Dundee bar bosses have been urged to serve up what the punters want – or face more closures.
The Scottish Licensed Trade Association (SLTA) issued the warning as it revealed as many as three bars a week are closing in Scotland every week.
Industry experts said offering a more varied choice – including food, a range of beers and more activities for people to do – could help slow the rate at which licensed premises are closing.
The SLTA noted people drinking at home was also a big factor in the rate of pub closures.
David Glass, president of Dundee Licensed Trade Association and owner of Doc Ferry’s bar, said despite the warning, publicans in the city were striving to ensure they were offering the best to their customers.
He said: “I think all pubs have got to move with the times and be adaptable. However, it is the case certain pubs and certain things won’t go together and traders have to be mindful of what the market is around them.
“We have a food offering which is along the soup and toasties line. We are limited space-wise as to what we can offer. The pubs in Broughty Ferry have their own niche and traders are doing well but Dundee as a whole seems very positive – there are a lot of new places opening.
“There are still some horror stories about premises having difficulties but that could happen anywhere in the UK.
“There is a different demographic coming into the pubs now and I think supermarket pricing still plays its part in consumers’ habits.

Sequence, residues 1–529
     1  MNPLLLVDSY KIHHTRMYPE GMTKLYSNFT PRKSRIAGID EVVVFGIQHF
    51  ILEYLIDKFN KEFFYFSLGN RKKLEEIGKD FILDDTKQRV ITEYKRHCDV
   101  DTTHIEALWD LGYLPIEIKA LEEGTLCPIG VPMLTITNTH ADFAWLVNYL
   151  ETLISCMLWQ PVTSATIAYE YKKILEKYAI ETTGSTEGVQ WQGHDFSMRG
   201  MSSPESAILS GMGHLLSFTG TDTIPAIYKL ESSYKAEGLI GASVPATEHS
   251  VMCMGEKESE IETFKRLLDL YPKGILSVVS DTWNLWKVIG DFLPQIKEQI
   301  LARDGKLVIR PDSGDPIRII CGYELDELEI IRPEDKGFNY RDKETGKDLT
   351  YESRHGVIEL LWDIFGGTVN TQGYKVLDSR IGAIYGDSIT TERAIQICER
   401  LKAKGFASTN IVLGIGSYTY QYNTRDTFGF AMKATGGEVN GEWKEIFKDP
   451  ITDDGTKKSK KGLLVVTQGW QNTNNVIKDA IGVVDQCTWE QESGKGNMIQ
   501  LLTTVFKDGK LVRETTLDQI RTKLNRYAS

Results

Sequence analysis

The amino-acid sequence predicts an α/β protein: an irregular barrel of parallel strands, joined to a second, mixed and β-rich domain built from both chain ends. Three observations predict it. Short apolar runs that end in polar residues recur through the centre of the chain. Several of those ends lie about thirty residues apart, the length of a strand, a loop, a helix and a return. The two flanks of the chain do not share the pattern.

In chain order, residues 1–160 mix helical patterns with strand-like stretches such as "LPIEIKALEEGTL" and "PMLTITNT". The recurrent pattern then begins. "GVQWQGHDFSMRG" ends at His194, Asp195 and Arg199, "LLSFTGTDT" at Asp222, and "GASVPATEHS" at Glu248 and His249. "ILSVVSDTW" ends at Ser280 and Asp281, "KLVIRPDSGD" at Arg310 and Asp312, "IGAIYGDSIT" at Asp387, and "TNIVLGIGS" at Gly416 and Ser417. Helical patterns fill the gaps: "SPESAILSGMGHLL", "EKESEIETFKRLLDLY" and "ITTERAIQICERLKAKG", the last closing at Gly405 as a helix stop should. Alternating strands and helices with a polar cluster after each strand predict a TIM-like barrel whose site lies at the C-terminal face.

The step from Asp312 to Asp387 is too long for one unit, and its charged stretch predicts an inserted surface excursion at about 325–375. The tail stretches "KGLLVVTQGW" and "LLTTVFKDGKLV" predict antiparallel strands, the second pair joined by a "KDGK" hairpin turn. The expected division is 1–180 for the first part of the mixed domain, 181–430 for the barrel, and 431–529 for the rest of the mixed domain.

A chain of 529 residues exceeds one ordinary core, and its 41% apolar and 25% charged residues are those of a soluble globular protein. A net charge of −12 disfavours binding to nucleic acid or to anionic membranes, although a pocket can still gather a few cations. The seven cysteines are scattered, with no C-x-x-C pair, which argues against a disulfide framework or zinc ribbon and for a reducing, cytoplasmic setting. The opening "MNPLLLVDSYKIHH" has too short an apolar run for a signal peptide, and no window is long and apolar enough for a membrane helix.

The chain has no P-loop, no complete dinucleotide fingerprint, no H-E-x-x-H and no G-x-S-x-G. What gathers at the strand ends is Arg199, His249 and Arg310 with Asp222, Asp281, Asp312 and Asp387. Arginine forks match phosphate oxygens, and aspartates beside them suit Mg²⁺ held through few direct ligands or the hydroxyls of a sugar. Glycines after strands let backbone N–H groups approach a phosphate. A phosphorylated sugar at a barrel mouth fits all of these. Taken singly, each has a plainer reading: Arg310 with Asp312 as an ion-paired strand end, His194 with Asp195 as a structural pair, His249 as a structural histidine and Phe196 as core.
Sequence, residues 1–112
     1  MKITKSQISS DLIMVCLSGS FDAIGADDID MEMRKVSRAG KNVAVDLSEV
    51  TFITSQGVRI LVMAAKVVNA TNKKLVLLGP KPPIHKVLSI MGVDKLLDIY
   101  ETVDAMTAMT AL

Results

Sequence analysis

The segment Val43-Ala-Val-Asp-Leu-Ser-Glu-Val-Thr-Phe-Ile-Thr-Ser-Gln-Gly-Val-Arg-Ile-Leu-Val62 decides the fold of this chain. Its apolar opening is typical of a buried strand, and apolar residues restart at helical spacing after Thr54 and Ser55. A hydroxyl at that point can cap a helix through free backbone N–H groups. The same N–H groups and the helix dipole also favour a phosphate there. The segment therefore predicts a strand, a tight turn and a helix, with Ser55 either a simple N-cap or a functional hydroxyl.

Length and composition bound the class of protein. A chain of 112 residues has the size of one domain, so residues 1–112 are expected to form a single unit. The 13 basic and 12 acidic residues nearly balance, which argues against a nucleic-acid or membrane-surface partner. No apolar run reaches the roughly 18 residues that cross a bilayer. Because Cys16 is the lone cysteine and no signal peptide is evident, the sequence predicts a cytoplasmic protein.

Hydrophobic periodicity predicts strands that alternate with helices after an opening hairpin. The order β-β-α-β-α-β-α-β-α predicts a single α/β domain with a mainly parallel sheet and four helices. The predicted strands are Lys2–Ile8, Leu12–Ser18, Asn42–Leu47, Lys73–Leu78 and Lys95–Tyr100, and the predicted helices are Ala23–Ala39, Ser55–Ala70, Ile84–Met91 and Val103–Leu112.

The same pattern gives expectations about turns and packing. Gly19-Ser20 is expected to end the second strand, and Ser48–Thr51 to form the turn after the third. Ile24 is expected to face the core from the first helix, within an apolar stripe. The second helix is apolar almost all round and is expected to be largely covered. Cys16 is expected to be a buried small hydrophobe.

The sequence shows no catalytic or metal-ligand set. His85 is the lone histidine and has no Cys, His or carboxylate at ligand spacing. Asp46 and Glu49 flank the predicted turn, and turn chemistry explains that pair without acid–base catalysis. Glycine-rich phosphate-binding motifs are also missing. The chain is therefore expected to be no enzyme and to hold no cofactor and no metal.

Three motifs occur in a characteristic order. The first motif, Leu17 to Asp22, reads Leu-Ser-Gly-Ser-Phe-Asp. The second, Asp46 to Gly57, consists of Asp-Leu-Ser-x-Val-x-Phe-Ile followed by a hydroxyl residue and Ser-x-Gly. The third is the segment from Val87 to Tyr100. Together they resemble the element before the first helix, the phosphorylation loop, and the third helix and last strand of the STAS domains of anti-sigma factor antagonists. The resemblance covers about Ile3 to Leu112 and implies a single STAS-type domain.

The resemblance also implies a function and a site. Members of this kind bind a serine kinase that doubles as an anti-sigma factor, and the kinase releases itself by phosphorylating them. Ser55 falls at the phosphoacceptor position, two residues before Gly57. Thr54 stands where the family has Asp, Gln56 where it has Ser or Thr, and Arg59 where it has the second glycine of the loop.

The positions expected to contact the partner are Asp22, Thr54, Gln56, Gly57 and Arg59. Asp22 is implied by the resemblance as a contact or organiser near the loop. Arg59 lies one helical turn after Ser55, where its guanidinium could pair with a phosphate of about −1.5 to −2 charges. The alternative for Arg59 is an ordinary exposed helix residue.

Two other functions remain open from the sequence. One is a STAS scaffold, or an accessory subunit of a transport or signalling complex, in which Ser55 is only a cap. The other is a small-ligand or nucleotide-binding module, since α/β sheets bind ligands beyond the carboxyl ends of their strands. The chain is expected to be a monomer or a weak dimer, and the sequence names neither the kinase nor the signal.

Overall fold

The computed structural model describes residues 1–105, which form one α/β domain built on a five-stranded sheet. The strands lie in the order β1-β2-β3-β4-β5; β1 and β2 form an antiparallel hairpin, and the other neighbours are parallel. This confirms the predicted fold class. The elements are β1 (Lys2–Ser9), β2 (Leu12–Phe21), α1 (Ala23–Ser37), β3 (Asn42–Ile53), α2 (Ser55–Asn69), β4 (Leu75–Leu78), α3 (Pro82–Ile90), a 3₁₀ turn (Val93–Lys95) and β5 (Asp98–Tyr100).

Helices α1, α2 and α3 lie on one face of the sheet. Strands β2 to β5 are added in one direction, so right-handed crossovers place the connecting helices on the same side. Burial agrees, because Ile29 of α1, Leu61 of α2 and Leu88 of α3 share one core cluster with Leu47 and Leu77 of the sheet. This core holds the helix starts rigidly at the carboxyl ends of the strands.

“It is our job to try to offer something different to that.”
Local pub owner Paul Russell, who runs the Bank Bar on Union Street, echoed David’s comments, adding: “There are still ways and means of making the pub an attractive offer for folks.
“Giving good customer service, offering live music and good homemade food are certainly ways to combat people staying in and buying from the supermarket.
“When you hear three bars are closing a week I think a lot of that boils down to the tax on alcohol. The price of beer in a pub is the equivalent of four cans of lager from the supermarket.
“I would say things are positive at the moment as a local trader and I agree with David that publicans do need to adapt and put the work in as we need to give people a reason for coming out.”
On Saturday the City of Discovery played host to the annual conference of the Campaign for Real Ale for the first time. Beer-lovers descended on the Caird Hall and a number of city bars, with the event expected to plough tens of thousands of pounds into the local economy.
An SLTA spokesman said: “The revolution is on just now.
“Those publicans who provide what people are looking for, which is food and craft beers, will continue to survive.
“It is a really significant change and so if you cannot change then you will struggle. It’s as simple as that.
“There are a lot of factors which have hit the trade.
“The new drink-driving laws in Scotland hit a lot of pubs in rural areas very hard.
“People just don’t drive to them in lots of rural locations throughout the country.
“It’s a shame because a lot of people used to like having a glass of wine or beer with their Sunday meal.
“But that option is not on for them now and so the rural pubs have suffered as a consequence.
“Supermarket pricing has been a long-term hammer blow.
“The market has been manipulated by the supermarkets.
“But it has led to people drinking at home and in larger measures than pubs and that’s another issue for the politicians to address.
“It will eventually settle down in the pub game, but unfortunately by then a lot of good publicans will have suffered too much.
“Basically, the market will have left them rather than them leaving the market.”